I love that Spindle’s End gives Rosie her own magical ability – one that has nothing to do with being blessed with cherry lips or teeth like pearls, or golden curls. Rosie’s last gift from her protector Kat is the ability to talk to animals, and it’s a rare fairy talent that Rosie uses to become a horse-leech, to converse with all of the animals who care to converse with her in The Gig, and befriend those same creatures. Rosie’s magical ability is a part of who she is, and by the end of the book, it’s something that gets her through her darkest hour and saves her and the people she loves from doom. It’s a talent that is so well imagined (animals do not think or communicate in human ways) and so well written.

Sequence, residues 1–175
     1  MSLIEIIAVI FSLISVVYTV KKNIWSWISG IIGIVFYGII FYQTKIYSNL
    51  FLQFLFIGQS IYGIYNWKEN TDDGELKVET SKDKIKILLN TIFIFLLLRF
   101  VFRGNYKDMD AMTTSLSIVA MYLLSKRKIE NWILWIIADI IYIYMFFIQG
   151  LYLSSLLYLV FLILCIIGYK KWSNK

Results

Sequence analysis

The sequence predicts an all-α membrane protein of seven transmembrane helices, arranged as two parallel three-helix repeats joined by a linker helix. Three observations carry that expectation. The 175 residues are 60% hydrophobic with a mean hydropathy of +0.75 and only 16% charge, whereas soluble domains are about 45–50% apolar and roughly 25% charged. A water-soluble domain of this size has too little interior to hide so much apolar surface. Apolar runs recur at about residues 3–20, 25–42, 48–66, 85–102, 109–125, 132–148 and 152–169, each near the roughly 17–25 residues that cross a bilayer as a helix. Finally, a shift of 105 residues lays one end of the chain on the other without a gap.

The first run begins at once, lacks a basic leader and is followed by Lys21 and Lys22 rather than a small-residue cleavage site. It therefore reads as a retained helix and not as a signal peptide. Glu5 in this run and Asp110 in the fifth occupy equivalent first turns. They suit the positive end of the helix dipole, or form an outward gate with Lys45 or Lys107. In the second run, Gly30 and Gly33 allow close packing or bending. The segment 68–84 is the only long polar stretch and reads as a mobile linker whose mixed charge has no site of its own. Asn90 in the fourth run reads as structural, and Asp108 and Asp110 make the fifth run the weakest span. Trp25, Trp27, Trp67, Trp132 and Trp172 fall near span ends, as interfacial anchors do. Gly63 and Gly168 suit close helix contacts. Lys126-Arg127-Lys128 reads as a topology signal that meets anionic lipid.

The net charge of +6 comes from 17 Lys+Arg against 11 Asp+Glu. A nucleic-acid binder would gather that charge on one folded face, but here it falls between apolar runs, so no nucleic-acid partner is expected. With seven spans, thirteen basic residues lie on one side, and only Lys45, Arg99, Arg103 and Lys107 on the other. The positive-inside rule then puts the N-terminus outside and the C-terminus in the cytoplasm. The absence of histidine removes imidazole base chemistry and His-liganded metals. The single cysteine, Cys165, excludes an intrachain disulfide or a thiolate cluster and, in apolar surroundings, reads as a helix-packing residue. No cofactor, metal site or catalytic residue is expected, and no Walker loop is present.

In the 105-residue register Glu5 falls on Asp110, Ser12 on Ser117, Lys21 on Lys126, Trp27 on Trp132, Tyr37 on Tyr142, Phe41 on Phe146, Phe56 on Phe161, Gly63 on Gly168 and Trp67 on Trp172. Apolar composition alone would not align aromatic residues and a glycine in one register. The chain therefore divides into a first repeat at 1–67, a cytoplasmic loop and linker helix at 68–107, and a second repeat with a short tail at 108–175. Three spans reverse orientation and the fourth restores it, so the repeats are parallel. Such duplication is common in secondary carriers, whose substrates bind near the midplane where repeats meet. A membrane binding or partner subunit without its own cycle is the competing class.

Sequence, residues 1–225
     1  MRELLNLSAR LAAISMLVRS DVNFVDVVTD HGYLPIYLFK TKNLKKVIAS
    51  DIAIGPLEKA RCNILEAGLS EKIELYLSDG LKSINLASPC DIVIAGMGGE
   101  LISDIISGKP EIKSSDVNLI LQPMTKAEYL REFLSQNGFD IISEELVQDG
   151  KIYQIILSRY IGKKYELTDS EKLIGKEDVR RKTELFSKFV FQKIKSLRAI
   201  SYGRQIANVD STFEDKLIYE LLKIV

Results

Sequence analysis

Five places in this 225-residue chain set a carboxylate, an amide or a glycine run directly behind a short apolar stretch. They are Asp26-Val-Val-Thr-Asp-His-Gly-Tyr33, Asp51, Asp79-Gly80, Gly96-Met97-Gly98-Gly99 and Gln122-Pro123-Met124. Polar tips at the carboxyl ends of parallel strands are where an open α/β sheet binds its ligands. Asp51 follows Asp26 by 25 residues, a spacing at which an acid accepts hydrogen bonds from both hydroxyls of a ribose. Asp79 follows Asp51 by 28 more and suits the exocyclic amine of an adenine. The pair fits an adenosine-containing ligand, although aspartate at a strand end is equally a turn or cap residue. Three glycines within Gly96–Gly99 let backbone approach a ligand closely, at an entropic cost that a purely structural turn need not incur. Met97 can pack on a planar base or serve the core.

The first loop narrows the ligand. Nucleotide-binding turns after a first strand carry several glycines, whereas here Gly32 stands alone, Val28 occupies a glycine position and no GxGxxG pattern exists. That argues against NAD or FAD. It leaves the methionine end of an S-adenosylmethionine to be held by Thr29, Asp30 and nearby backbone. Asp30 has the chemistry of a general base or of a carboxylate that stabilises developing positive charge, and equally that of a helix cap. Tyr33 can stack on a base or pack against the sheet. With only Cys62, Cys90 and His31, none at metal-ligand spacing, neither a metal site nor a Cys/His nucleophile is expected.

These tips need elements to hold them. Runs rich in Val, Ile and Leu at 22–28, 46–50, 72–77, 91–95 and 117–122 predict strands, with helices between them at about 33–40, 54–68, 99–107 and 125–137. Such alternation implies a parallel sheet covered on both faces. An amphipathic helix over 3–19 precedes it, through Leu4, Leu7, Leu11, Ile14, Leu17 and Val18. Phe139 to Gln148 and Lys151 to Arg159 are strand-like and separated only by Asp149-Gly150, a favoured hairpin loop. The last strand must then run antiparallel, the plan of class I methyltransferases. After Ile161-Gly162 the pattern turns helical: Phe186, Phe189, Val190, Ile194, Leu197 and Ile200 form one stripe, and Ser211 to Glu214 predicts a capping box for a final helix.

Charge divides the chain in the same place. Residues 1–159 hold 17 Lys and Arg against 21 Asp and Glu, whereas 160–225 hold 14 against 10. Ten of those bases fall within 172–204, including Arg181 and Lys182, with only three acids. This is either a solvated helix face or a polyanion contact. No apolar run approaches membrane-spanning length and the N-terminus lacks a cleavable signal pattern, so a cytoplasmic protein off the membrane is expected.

Also, this is perhaps random, but there’s one image in this book that really sticks with me and it is the image of the seeking spell that Pernicia (the evil fairy) weaves to find the erstwhile princess for twenty-one years. Let me just quote the passage because this vision of a tattered, relentless spell is so damn effective:
It is a great shaggy thing by now, spiny as a holly tree with the errors of twenty years’ looking; and we have teased and pestered and vexed it as we could – the guarded fortresses were not our only means of confusion – but it has gone on looking. When we found that the spell had settled here, in the Gig – we knew what this meant.
So…consider me a fan of the magic in this book.